Franco's campaign to silence opposition in Spain had surprising support - from a Nobel laureate who was himself a dissident. Jason Garner meets the man who tracked the twists and turns
There has been a growing interest in the final years of the Franco regime in Spain since the mid-1990s. That it should take 20 or so years for the subject to be given the attention it deserves is not particularly surprising.
During the transition and its aftermath, the priority was to dismantle the structures of the old regime, provide a secure basis for the nascent democracy and avoid provoking those who were still loyal to Francoism, especially in the armed forces. But as time has passed, some sections of Spanish society - particularly the young and the veterans of the anti-Franco movements and their relatives - have shown an increasing desire to know what happened. According to historian Pere Ysàs, an expert on the Franco dictatorship, these groups are simply demanding that the efforts of those who fought for democracy should not be forgotten.
Traditional interpretations have presented the last years of El Caudillo (the chief) as a period of economic growth and relative social harmony - an idea reinforced by the saccharine nostalgia of the popular Televisión Española series Cuéntame como Pasó" (Tell me How it Happened). It presents an image of the period that reflects the influence that the former Popular Party government, led by ex-Falangist youth member José Maria Aznar, wielded over the state TV network. But such simplistic interpretations fail to stand up to rigorous historical analysis, as is amply proven by Ysàs in his new book, Disidencia y Subversión: La Lucha del Régimen Franquista por su Supervivencia, 1960-1975 (Dissidence and Subversion: the Franco Regime's Struggle for Survival 1960-1975).
According to Ysàs, who is based at the Universitat Aut"nome de Barcelona, his aim is "to look at the impact that dissident movements had on the dictatorship and its institutions". He devotes a chapter each to the five sectors of society through which dissent against the regime was expressed: the church, the subversives, the labour movement, the students and the intellectuals. Backing his arguments with a welter of documentation, Ysàs concludes that the regime took dissent very seriously, as is proved by the "extraordinary and extensive" attention it paid to the dissident groups.
Before 1960, there had been little domestic dissent for the simple reason that people were terrified of speaking out (a phenomenon labelled "internal exile"). They had good reason: tens of thousands of opponents of the regime were murdered during the Forties and early Fifties. Serious attempts to excavate the mass graves that bear witness to the brutality of post-Civil War Spain have begun only recently.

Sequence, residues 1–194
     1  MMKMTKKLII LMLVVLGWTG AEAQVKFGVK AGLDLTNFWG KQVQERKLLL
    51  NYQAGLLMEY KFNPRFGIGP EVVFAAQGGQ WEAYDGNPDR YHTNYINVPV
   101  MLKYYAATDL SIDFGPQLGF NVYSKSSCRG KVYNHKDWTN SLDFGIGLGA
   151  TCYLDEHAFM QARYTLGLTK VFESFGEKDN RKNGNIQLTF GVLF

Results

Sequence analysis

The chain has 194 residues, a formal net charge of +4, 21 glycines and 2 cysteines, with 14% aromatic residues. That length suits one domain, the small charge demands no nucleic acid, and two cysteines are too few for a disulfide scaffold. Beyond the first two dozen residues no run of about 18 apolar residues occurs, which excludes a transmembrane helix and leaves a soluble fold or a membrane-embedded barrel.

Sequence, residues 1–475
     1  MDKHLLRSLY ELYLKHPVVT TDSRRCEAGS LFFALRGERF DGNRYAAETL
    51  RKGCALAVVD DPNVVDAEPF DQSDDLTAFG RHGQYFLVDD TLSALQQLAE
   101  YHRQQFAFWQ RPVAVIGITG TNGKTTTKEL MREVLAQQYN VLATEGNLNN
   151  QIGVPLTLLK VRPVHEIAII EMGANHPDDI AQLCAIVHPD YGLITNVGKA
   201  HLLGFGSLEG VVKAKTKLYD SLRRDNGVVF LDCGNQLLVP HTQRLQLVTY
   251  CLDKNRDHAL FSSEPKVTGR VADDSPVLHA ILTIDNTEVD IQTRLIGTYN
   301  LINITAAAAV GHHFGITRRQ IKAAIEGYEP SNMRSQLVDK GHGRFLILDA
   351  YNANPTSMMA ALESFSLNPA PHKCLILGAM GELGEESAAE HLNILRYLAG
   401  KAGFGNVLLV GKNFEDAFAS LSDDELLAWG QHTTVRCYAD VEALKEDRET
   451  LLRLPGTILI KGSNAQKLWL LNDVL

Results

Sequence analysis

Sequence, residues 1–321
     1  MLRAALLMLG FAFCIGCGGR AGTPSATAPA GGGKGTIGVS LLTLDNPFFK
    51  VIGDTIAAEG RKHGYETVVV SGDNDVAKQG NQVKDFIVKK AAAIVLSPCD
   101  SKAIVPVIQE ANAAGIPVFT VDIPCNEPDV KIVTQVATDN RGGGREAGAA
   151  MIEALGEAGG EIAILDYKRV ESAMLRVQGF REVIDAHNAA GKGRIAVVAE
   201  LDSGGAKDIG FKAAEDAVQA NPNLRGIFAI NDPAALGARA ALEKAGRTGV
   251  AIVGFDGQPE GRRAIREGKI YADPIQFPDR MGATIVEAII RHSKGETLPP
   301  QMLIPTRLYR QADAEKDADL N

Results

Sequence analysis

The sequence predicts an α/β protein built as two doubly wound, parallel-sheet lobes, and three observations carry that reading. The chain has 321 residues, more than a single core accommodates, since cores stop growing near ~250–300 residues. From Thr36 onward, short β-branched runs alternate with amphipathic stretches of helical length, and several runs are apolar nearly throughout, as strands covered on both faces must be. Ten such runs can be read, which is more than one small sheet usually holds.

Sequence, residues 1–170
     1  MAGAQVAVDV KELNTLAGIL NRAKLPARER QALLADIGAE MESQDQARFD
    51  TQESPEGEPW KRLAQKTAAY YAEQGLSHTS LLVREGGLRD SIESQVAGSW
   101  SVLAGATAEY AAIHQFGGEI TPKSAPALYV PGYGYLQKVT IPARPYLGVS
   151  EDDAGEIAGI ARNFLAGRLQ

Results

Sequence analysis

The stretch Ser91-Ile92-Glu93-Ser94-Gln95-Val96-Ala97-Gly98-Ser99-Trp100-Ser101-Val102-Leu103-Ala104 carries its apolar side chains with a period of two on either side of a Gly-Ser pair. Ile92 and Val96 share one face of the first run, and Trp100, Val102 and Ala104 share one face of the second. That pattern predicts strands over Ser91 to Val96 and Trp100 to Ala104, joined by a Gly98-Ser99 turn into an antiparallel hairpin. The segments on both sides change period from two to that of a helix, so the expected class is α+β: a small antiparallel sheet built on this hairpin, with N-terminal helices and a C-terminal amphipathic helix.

However, from the early Sixties onwards, Spanish society began to undergo profound economic, social and cultural changes that, coupled with the need to create a better image abroad, required a less visibly repressive approach from the authorities. Moderates within the regime spoke of reform, flexibility and openness. Dissidents could now speak out without facing the drastic consequences they had before. In this climate, protests from the different groups Ysas studied grew rapidly.
Some of the most critical voices came from within the intelligentsia. From 1962 onwards, intellectuals who opposed the policies of the regime made public their complaints on a variety of issues, sending open letters to the authorities. The first letter in the spring of 1962 was directed to Manuel Fraga, director of the Institute of Political Studies, and complained about the authorities' actions during the miners' strike in Asturias that spring.
Among the signatories was Camilo José Cela, the Galician writer and 1989 Nobel literature laureate. However, the following year, while discussions were under way about sending a further letter, Cela voluntarily contacted the authorities and provided them with information about those who were likely to sign the proposed letter and suggested ways of dissuading them from dissenting in the future. He said most of them could be "recuperated" for the dictatorship by bribes, either by publishing their works or by creating a publisher that would help them. He also identified 42 of the 102 signatories as members of the Communist Party.